Making this restaurant dish at home is always such a treat. I have all the tips you need to be putting out plates of beef carpaccio just like a professional chef!
The most important step in making beef carpaccio is to start with slightly frozen meat, making it easier to slice thinly. Using the correct knife is also very important for those thin slices. Find out everything you need to know to make this delicious appetizer below.
What is Carpaccio?
Carpaccio is an Italian dish centered around raw meat, originally beef but now you may see other versions such as tuna or salmon. It’s sliced or pounded very thin and served raw as an appetizer or light lunch. You’ll usually see it drizzled with oil and vinegar, lemon juice, or some kind of dressing along with salt, pepper, and greens or other garnishes.
The first time I saw beef carpaccio I was very hesitant. I’ve been told from a young age about health hazards of eating rare, let alone raw meat. So, how is this okay?
Raw Meat Safety
Well, there is always a risk when you eat uncooked or under-cooked meat. But if you take a few precautions, you can be pretty sure that it will be alright.
To make sure your carpaccio is as safe to eat as possible, buy your beef tenderloin from a clean and credible butcher, tell the butcher what you plan to do with it, and ask if the chosen meat will be suitable. Then, keep the meat refrigerated at all times except when preparing it and eating it. Make the carpaccio on the same day you buy the meat and eat it that day as well. Do not save or eat any for leftovers.
And of course, consume at your own risk. If you are pregnant or immuno-compromised, you’ll probably want to skip this dish.
Making Beef Carpaccio
Place your beef tenderloin in the freezer to get it partially frozen. Meat is easier to cut thinly if it has been frozen in this way.
Our beef took around two hours to freeze to that point but it can all depend on your freezer and how big of a cut you have. Ours was 1/3 lb. so it froze quite fast. You want it really really cold and frozen but not frozen solid. Note: This recipe was originally sponsored by Cutco and their knifes are in the photographs.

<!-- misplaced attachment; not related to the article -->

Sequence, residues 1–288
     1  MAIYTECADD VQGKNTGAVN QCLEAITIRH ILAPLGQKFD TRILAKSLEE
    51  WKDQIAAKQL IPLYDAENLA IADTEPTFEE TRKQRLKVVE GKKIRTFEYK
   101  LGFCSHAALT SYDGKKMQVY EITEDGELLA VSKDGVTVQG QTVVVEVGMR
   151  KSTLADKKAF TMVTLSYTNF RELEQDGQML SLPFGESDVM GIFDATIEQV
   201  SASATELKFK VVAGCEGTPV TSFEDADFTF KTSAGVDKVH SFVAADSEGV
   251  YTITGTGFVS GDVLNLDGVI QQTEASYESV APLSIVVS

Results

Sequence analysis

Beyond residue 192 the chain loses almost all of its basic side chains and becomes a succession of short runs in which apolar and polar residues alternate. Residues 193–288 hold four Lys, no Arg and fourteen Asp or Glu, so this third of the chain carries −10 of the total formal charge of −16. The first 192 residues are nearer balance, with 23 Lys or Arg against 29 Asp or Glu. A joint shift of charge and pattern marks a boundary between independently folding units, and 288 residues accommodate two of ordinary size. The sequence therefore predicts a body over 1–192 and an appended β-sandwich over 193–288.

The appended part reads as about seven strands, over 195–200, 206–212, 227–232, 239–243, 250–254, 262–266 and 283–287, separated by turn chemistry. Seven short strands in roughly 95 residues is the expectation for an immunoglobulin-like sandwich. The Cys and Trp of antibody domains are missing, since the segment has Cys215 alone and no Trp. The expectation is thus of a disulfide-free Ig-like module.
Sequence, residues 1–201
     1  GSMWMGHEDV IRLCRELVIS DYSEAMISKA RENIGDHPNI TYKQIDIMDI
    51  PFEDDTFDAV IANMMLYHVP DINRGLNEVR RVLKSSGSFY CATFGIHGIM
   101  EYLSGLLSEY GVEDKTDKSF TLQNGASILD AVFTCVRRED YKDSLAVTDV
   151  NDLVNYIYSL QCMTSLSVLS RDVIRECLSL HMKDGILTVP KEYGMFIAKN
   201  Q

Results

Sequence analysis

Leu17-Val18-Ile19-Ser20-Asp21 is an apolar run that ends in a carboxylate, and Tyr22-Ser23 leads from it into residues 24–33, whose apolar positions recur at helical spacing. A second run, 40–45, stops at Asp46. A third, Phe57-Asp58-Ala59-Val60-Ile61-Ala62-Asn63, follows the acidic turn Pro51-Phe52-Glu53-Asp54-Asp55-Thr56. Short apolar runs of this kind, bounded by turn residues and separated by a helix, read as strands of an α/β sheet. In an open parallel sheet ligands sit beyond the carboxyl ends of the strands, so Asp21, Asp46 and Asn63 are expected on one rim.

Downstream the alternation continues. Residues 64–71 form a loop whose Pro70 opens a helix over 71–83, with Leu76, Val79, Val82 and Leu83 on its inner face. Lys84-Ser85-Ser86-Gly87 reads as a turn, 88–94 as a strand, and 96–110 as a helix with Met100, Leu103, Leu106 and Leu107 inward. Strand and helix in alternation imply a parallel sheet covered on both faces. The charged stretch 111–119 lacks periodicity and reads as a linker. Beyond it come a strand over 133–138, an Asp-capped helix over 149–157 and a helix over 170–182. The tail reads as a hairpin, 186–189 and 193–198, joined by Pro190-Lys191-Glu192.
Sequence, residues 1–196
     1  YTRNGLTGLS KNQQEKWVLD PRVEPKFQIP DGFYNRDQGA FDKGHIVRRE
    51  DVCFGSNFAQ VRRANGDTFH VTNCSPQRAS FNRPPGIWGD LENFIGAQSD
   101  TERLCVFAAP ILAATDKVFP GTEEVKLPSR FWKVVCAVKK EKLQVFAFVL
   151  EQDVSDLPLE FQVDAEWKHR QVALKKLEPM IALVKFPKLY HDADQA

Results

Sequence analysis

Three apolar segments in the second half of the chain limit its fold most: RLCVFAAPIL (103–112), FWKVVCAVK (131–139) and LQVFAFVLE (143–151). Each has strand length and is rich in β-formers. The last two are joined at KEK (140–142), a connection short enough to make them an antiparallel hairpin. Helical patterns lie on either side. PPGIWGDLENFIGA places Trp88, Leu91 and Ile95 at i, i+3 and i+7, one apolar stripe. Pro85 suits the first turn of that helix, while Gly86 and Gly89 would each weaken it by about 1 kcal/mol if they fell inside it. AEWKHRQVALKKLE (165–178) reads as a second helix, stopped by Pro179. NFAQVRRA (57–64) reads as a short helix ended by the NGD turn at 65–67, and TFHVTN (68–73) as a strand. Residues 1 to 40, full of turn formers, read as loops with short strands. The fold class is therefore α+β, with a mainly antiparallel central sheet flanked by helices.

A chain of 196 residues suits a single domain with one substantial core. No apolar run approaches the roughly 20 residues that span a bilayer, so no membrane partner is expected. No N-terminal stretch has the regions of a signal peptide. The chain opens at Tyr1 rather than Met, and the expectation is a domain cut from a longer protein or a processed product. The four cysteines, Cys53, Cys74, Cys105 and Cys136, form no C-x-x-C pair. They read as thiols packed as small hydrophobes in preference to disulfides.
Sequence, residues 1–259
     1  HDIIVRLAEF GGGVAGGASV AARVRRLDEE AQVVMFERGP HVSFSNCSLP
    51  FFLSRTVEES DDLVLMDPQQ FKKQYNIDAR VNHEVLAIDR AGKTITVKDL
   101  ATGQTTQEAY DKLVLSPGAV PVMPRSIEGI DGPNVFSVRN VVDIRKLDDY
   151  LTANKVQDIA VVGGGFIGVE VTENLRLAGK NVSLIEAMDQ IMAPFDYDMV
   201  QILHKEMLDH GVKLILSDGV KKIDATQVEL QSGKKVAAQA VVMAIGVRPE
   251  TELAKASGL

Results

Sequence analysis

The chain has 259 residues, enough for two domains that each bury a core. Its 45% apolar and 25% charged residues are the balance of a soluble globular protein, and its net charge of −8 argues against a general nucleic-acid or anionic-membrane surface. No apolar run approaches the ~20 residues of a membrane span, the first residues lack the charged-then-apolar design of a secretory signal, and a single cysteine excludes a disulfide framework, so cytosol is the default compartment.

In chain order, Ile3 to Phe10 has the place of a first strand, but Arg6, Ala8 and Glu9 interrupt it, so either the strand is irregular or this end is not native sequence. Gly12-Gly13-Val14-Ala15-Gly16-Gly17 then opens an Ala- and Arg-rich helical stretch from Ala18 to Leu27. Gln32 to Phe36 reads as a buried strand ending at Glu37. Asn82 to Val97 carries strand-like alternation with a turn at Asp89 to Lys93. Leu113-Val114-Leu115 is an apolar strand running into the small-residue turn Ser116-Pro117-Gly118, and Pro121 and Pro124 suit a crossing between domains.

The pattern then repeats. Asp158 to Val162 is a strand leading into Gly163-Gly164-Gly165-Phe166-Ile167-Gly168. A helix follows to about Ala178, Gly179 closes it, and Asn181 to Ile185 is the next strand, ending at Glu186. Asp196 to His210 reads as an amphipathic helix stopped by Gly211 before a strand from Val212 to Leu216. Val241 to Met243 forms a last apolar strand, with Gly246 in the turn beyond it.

Once the beef is frozen use a serrated slicer or a good sharp chef’s knife to cut extremely thin pieces of meat. When you hold the slice up you should almost be able to look through it.
Since the slicer has serrated edges you need to move your knife back and first to cut.
Place your sliced beef on a cool plate. And I don’t mean like awesome, cool, I mean like, put it in the fridge and bring to a lower temperature cool. We’ve popped a bag of frozen peas under our plate to keep it cold while we work.
Some people, even Alton Brown and Serious Eats, have you slice the partially frozen meat and then put the slices between plastic wrap. At that point, you use a meat mallet or rolling pin to pound them even thinner. However, we found that our slices were very thin as they were and that they didn’t get more tender from pounding. Doing the extra step wasn’t therefore necessary. If, however, you want them even thinner, it is an extra step that you can take.
Once all of your beef slices are on your cold plate, it’s time to add the garnishes. Beef carpaccio is all about the garnishes.
Add capers, sea salt, ground pepper, arugula, and a small drizzle of oil and red wine vinegar. Eat immediately. I mean, how could you even resist???
- ⅓ lb. beef tenderloin
- handful arugula
- 2 tsp. capers
- 2 tsp. red wine vinegar
- 4 tsp. olive oil
- cracked black pepper
- sea salt
- Freeze beef tenderloin until very firm but not rock solid, about 1-2 hours. While the beef is in the freezer, place the plates in the fridge to chill.
- Once the beef is firm, slice very thinly against the grain and place slices on chilled plates.
- Top each serving with a handful of arugula and capers. Drizzle with vinegar and olive oil and add a pinch of freshly cracked black pepper and sea salt. Serve immediately.
Disclosure: This article is sponsored by Cutco. All opinions are ours and honest.
This post originally appeared in October 2016 and was revised and republished in August 2022.